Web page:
Experiences with CBP from Uganda
Mukasa, Paul Kasule
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The Government of Uganda is strongly committed to decentralisation, as evidenced by the devolution of responsibilities for local planning, resource allocation and budgeting, and investment management to local governments. It is a statutory requirement for each local government to produce a three-year integrated rolling development plan. The Local Government Act 1997 created five tiers of Local Councils (see Table 1). The highest level is the District/City Council (lower council level five, or LC5). This is followed by the county/municipal council (LC4); the sub-county/municipal division/town council (LC3); the parish/ward council (LC2); and the village council (LC1). The table below summarises the nature of local council structures, their populations, and roles. Prior to the introduction of the Community-based Planning project in Uganda, there were a number of participatory planning models in use, ranging from the use of Participatory Rural Appraisal (PRA) techniques for identifying community needs, to the involvement of communities in the provision of services and maintenance thereafter. Uganda has had an innovative Local Government Development Programme (LGDP) that has made great strides in the development of local government and lower level structures. However the Ministry recognised that it did not sufficiently address the strengthening of the lowest levels (LC2 and LC1) and so was keen to be a partner in the four-country project, and see how CBP could complement what Uganda was already undertaking. A steering group was formed to oversee the implementation of the CBP project, which consisted of the Office of the Prime Minister, the Local Government Development Programme, Plan for Modernisation of Agriculture (PMA), CARE International, Bushenyi District Local Government1, United Nations Capital Development Fund (UNCDF), and Uganda Participatory Development Network (UPDNet).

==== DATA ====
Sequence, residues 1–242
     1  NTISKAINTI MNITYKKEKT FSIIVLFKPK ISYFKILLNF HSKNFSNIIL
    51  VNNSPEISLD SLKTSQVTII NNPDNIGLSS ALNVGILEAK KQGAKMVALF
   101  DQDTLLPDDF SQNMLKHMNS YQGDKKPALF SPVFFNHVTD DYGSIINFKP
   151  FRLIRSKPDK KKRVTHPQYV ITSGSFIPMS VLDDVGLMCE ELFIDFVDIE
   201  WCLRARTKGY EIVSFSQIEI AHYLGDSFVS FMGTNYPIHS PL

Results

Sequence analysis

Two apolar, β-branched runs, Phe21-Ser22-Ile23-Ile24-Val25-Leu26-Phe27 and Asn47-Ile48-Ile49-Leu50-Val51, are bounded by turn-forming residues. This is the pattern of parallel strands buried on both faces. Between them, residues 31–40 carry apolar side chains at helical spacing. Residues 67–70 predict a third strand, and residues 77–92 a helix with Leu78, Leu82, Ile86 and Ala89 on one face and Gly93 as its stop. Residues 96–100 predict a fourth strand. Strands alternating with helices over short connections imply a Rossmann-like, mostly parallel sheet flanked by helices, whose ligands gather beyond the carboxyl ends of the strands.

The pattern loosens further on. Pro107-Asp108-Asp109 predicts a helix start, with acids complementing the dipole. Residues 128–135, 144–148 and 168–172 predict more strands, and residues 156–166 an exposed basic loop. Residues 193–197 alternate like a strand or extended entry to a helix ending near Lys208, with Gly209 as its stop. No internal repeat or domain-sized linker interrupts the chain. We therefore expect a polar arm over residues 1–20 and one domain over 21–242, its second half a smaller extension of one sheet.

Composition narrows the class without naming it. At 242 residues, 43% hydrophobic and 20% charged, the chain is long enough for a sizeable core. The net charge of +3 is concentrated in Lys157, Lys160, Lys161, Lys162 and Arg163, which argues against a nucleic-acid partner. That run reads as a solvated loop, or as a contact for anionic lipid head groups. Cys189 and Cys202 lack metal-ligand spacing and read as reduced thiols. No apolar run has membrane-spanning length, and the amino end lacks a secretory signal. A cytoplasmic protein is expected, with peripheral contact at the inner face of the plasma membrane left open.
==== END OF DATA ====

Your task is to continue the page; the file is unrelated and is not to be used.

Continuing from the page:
- Social Sciences